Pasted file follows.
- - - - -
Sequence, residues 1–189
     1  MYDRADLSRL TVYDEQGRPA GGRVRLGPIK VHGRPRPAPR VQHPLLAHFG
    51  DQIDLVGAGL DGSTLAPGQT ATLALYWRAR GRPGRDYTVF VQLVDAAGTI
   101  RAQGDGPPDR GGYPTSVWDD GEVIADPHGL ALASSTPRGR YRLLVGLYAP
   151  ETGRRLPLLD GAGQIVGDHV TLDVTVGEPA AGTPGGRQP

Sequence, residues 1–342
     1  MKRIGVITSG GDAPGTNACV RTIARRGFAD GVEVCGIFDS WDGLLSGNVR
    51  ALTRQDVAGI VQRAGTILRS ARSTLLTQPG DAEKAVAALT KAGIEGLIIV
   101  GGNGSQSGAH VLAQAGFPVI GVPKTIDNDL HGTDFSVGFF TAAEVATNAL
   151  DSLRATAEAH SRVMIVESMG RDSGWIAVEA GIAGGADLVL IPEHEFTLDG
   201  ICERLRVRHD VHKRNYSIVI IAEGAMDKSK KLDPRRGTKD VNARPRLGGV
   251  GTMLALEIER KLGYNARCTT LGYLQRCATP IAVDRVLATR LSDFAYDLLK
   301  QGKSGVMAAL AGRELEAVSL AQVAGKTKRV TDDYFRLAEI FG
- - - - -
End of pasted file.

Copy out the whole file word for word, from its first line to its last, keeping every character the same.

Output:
Sequence, residues 1–189
     1  MYDRADLSRL TVYDEQGRPA GGRVRLGPIK VHGRPRPAPR VQHPLLAHFG
    51  DQIDLVGAGL DGSTLAPGQT ATLALYWRAR GRPGRDYTVF VQLVDAAGTI
   101  RAQGDGPPDR GGYPTSVWDD GEVIADPHGL ALASSTPRGR YRLLVGLYAP
   151  ETGRRLPLLD GAGQIVGDHV TLDVTVGEPA AGTPGGRQP

Sequence, residues 1–342
     1  MKRIGVITSG GDAPGTNACV RTIARRGFAD GVEVCGIFDS WDGLLSGNVR
    51  ALTRQDVAGI VQRAGTILRS ARSTLLTQPG DAEKAVAALT KAGIEGLIIV
   101  GGNGSQSGAH VLAQAGFPVI GVPKTIDNDL HGTDFSVGFF TAAEVATNAL
   151  DSLRATAEAH SRVMIVESMG RDSGWIAVEA GIAGGADLVL IPEHEFTLDG
   201  ICERLRVRHD VHKRNYSIVI IAEGAMDKSK KLDPRRGTKD VNARPRLGGV
   251  GTMLALEIER KLGYNARCTT LGYLQRCATP IAVDRVLATR LSDFAYDLLK
   301  QGKSGVMAAL AGRELEAVSL AQVAGKTKRV TDDYFRLAEI FG